The founder of the AFL-CIO’s Farm Labor Organizing Committee (FLOC) on Monday called on activists and workers to target the cash flow of corporations in the South that resist labor organizing.
Appearing at the Southern Workers Assembly outside the Democratic National Convention in Charlotte on Monday, FLOC President Baldemar Velasquez pointed out that “anything is negotiable” when large corporations’ profits are under threat.
“How can we compel the world’s richest coroporations to sit down and cooperate with us?” he asked the crowd, including several hundred members of Southern unions and civil rigths groups. “When you impede the rich man’s ability to make money, anything is negotiable! Go to where the money lives. It maybe be Bank of America, it may be JPMorgan Chase, it may be [R.J.] Reynolds Tobacco Company.”
“We are the people that consume, we are the producers in America! If we can harness ourselves in America and put the pressure where it’s at, we can compel them to sit down and negotiate contracts!”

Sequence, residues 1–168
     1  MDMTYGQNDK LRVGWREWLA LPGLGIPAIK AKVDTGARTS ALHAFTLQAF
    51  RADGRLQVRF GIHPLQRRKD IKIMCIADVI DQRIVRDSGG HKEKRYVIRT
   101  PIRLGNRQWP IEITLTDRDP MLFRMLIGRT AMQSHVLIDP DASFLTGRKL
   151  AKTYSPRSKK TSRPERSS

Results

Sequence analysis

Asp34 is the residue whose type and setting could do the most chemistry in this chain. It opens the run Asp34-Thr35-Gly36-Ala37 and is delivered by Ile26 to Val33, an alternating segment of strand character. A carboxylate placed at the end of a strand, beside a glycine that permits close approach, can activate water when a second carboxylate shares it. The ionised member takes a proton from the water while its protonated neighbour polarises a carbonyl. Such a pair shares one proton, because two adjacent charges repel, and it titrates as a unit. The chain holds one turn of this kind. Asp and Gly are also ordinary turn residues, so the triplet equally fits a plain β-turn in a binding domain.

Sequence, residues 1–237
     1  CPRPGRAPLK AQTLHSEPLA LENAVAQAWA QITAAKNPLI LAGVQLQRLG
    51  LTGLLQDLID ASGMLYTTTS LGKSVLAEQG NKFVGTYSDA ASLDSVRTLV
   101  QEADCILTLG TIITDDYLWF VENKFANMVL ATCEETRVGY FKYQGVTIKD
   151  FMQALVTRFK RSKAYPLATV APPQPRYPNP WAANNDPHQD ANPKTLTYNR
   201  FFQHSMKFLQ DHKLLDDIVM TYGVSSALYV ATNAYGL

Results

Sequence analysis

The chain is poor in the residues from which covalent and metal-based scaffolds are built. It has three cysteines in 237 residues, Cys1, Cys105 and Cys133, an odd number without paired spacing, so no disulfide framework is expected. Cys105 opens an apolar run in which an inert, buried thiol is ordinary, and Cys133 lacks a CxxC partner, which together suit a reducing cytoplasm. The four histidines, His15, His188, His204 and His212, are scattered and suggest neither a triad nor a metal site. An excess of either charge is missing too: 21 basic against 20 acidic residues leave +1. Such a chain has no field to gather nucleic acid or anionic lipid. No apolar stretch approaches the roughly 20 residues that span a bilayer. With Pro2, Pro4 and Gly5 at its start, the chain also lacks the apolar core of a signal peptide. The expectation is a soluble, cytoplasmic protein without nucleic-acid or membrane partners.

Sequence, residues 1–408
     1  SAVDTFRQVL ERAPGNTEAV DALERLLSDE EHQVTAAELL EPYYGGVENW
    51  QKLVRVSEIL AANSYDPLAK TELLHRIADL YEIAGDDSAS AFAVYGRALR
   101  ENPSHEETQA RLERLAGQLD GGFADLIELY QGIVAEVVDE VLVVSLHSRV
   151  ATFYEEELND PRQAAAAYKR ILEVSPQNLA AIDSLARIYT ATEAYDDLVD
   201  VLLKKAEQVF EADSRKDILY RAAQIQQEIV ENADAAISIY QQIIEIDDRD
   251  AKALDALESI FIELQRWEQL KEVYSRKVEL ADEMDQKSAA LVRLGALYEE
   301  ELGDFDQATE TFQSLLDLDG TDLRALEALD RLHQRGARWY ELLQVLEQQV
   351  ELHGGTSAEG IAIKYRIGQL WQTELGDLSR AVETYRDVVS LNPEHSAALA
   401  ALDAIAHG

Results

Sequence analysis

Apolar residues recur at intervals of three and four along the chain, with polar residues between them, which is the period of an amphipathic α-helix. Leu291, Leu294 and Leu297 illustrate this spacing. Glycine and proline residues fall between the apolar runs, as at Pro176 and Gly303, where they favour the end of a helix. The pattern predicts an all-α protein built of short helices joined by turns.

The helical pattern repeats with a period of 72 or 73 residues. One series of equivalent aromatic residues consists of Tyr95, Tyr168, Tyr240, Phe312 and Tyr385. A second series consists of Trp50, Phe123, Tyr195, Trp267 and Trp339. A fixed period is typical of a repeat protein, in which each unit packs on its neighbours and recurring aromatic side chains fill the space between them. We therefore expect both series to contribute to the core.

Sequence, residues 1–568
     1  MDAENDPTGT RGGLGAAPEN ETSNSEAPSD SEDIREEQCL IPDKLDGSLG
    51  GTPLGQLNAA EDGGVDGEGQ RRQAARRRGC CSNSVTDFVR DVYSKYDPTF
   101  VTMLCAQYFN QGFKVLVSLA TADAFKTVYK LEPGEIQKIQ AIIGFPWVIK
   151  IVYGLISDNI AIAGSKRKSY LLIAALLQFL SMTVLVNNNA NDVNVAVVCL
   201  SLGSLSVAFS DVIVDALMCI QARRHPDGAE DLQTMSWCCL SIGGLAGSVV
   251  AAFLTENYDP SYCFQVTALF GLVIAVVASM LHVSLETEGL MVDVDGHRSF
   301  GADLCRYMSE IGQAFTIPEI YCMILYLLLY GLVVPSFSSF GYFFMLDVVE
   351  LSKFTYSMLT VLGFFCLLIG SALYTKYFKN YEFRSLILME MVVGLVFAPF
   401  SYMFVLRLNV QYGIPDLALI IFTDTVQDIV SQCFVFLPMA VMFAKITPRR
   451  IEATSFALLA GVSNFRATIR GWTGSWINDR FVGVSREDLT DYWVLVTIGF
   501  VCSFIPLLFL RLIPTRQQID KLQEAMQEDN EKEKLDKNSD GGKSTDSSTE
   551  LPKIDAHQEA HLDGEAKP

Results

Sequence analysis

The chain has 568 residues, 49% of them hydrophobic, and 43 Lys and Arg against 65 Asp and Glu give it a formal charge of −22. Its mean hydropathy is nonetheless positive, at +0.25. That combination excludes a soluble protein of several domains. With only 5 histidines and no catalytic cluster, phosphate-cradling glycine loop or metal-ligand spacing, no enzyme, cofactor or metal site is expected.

Velasquez explained to Raw Story that pressure needed to be applied to the entire supply chain before labor conditions would change.
“Remember, all of these workers who are exploited — I don’t care what industry you’re in — all of the workers are creating the wealth,” Velasquez said. “If you go up the supply chain, who is taking advantage of the money the workers are creating? Somebody out there is benefiting. You’ve got to go up that supply chain.”
“It may not just be the employer, it may be the retailer, it may be the manufacturing facility,” he explained. “Who ever it is at the top, that’s who we have to target. He’s not the employer, but he’s the guy that pulls the strings. We have to follow the money.”
Due to right-to-work laws, the U.S. South has the lowest concentration of labor unions in the nation. Labor groups like the AFL-CIO protested the selection of Charlotte, North Carolina as host of the Democratic National convention by withholding millions of dollars that would have gone to sponsor the event.
Amid the passage of Jim Crow laws in 1959, North Carolina banned public sector workers from collective bargaining. The United Nations’ International Labour Organization (ILO) has called for the law to be repealed on the basis that it is a violation of basic human rights.